Guest post by Dinova's director of strategic accounts, Janice McEachen.

Prepare yourself. This is going to be one of those crazy all over the map posts. The common string is unfamiliarity; whether it's an ingredient, a cooking method, or simply a term that is rooted in an unfamiliar language. This theme came to me initially this week when a Dinova sales person signed a restaurant in Seattle named Girin Steakhouse, and was then reinforced on an internal team call where the topic slipped to a sunchoke with black garlic dish at another Dinova newcomer, Rambler. 

When I initially saw the name I thought (maybe) some guy named Girin opened a steakhouse, and when I visit I would order a NY Strip with a baked potato. However, a quick look at the website revealed something much different…following the word “steakhouse” comes “ssam” and “bar”. This is not your typical American steakhouse. I know what a bar is, but ssam? 

If you have ever enjoyed one of P.F. Chang’s most popular dishes, Chang’s Chicken Lettuce Wraps, you’ve had something very similar to ssam. “Ssam is an offering of leafy greens and vegetables for wrapping proteins with garlic, soy paste, chilies and banchan." 

Uh oh…banchan? 

Translated to English banchan means side dish. Of course, had I been familiar with the Korean language I may also have recognized the namesake of the restaurant. In Korean culture "Girin" is a divine creature said to bring good luck, prosperity, and serenity. Apparently the good luck came to fruition since they were a James Beard Best New Restaurant nominee. How about that?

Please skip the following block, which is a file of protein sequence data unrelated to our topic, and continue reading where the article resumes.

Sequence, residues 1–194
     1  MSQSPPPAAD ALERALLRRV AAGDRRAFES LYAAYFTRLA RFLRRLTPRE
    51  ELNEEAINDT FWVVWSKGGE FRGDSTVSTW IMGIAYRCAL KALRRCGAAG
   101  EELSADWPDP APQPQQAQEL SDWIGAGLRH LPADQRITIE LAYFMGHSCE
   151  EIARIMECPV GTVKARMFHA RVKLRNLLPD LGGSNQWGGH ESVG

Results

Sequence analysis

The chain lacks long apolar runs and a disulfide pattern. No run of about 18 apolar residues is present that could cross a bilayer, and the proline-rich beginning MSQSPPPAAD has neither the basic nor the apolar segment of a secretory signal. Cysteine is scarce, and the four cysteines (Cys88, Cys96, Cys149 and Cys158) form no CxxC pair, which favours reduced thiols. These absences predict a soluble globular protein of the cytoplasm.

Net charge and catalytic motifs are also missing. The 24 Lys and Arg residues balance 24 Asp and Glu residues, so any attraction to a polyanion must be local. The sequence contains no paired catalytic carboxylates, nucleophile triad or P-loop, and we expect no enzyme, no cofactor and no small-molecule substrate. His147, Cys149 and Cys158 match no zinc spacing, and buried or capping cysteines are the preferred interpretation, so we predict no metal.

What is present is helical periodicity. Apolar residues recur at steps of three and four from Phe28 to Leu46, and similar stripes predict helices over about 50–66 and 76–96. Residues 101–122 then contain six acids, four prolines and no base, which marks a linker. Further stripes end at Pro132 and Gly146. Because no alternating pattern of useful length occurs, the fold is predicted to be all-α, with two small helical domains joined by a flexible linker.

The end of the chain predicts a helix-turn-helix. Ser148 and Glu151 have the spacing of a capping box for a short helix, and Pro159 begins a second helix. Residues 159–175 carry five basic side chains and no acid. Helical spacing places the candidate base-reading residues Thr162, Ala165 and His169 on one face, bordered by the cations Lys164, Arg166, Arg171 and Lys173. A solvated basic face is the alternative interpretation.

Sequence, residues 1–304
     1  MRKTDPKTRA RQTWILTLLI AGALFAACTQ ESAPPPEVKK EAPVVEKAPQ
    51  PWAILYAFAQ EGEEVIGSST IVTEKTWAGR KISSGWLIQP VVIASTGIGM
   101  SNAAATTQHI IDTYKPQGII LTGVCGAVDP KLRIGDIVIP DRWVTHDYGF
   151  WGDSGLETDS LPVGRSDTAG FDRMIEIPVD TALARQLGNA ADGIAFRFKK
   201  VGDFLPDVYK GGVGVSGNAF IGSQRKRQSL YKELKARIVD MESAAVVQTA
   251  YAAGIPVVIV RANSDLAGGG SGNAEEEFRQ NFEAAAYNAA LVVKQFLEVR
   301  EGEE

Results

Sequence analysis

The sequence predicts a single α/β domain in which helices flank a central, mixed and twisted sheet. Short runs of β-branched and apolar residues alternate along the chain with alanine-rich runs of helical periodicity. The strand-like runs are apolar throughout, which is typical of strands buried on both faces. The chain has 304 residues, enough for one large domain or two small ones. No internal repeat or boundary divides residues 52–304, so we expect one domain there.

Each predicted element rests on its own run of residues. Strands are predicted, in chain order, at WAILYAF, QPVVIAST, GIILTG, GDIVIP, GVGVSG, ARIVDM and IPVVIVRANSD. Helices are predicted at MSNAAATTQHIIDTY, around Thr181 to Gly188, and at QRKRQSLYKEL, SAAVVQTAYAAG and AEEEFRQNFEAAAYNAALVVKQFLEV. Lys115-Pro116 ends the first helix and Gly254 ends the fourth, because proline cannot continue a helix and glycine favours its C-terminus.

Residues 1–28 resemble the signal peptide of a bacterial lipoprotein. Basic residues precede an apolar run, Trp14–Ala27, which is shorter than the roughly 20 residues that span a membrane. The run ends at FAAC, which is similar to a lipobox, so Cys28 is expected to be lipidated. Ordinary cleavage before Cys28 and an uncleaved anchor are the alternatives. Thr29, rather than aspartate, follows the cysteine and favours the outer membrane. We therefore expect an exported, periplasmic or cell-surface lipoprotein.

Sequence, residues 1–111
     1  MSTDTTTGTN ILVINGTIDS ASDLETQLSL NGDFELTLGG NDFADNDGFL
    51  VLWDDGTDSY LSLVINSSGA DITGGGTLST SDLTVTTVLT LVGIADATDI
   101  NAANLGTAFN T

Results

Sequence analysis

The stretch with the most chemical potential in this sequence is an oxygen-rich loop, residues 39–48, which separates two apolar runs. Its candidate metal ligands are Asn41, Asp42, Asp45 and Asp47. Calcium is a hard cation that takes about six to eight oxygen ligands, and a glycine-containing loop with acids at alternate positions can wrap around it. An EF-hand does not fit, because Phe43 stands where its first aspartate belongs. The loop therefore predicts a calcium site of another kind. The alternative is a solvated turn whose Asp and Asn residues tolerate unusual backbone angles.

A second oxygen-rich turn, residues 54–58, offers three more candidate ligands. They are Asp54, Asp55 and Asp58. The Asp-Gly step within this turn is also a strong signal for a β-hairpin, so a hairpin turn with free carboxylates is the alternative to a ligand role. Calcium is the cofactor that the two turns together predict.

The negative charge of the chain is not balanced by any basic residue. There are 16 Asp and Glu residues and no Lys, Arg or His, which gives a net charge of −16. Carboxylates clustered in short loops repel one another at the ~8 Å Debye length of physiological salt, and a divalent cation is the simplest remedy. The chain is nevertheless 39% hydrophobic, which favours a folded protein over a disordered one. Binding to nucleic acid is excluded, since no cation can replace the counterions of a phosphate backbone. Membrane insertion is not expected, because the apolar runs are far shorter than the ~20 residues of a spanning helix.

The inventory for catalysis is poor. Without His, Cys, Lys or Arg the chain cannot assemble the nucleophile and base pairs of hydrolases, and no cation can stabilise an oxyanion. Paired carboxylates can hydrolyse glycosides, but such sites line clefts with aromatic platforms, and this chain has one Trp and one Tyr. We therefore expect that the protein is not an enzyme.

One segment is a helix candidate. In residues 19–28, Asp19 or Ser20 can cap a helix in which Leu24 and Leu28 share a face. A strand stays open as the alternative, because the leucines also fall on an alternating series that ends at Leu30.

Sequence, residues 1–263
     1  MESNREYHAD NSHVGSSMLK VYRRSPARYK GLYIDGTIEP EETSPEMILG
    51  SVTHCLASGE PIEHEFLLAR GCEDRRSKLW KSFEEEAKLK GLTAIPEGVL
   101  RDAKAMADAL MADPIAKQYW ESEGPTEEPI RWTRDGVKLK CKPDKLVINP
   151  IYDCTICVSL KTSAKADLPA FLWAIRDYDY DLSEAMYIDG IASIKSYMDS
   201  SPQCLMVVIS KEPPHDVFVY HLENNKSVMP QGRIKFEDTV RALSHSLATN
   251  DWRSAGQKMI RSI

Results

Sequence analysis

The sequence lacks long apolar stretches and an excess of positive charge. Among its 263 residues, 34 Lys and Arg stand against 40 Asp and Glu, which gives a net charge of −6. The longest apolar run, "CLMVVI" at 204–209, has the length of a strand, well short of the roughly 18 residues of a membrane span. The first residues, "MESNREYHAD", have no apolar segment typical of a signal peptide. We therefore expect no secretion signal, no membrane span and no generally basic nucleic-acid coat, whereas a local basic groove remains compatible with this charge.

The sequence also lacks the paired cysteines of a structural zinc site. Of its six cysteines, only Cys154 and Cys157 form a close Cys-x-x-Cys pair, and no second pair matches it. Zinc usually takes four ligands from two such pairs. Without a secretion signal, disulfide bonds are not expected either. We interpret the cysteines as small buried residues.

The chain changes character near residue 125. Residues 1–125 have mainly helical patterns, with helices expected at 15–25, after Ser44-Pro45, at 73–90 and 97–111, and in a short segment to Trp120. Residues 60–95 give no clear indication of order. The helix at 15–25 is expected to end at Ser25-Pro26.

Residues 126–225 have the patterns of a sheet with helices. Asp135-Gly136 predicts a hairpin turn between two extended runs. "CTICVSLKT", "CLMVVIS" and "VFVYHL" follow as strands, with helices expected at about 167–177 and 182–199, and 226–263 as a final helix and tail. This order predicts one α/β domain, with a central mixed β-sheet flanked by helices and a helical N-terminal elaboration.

But, now it's on to sunchokes, also known as Jerusalem artichokes. Not botanically related, as the latter name implies, they have a slightly sweet, nutty flavor that can be somewhat reminiscent of an artichoke. I think sunchoke is a more fitting name, they are the tuber of a plant that is related to the sunflower. 

I will go off on a tangent here and mention the difference between a root and a tuber. Simply put a root’s sole purpose is to absorb water and nutrients from the ground. Tubers store nutrients and can propagate new plants. Potatoes are tubers, carrots are roots. 

Now, back to the sunchoke, it looks like a big piece of ginger and is in season now through spring. 

Black garlic is served with the sunchokes at Ramblers in San Francisco, and this combination deserves a little attention as well. I first tried black garlic at a food show about five years ago and it was love at first bite. Unlike purple potatoes, garlic does not come across this intense color naturally. Garlic is heated over a period of several weeks, a process that turns this common root (had to say that) into a caramelized head of sweet and sticky goodness. Black garlic is common in Asian cuisines and is known for its health benefits. America hadn’t seen much of this exotic ingredient before 2008, and now it's available in many different restaurant concepts.  

After this immense knowledge dump, I bid you well prepared for a weekend game of Foodie Fight,  the “trivia game for serious food lovers.”